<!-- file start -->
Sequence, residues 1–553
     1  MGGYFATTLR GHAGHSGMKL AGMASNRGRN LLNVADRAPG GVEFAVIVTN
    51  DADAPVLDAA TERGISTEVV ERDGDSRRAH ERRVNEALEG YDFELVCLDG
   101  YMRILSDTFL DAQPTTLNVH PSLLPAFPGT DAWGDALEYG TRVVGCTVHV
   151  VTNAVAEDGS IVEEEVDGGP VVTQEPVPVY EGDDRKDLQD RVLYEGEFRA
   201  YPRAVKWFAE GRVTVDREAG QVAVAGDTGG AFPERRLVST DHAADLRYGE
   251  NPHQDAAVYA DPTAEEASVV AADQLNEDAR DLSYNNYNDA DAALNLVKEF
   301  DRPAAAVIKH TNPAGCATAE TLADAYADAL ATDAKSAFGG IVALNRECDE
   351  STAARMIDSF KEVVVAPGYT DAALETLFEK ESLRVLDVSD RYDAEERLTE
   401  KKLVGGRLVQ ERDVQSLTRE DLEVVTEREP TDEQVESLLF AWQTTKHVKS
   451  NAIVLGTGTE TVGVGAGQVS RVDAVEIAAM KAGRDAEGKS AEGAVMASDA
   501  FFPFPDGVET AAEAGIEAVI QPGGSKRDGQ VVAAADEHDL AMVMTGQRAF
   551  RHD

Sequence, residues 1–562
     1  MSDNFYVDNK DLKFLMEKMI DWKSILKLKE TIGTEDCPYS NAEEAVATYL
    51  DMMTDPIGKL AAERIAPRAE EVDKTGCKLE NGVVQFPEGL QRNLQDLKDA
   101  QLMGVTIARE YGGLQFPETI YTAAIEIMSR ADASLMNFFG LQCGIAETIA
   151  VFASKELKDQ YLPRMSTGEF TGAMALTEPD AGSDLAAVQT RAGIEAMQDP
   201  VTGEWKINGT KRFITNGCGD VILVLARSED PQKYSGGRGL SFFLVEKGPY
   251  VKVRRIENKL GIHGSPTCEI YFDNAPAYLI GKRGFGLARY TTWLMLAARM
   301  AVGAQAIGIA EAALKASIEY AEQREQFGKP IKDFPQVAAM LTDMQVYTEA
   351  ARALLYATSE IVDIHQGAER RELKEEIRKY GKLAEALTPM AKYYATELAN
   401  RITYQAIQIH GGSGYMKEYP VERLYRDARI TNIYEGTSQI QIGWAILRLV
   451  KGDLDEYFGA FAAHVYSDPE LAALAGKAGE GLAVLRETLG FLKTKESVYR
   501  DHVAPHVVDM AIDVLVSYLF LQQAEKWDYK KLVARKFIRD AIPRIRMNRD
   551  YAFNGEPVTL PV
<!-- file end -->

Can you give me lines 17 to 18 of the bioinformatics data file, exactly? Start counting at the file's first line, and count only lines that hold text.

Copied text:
   101  QLMGVTIARE YGGLQFPETI YTAAIEIMSR ADASLMNFFG LQCGIAETIA
   151  VFASKELKDQ YLPRMSTGEF TGAMALTEPD AGSDLAAVQT RAGIEAMQDP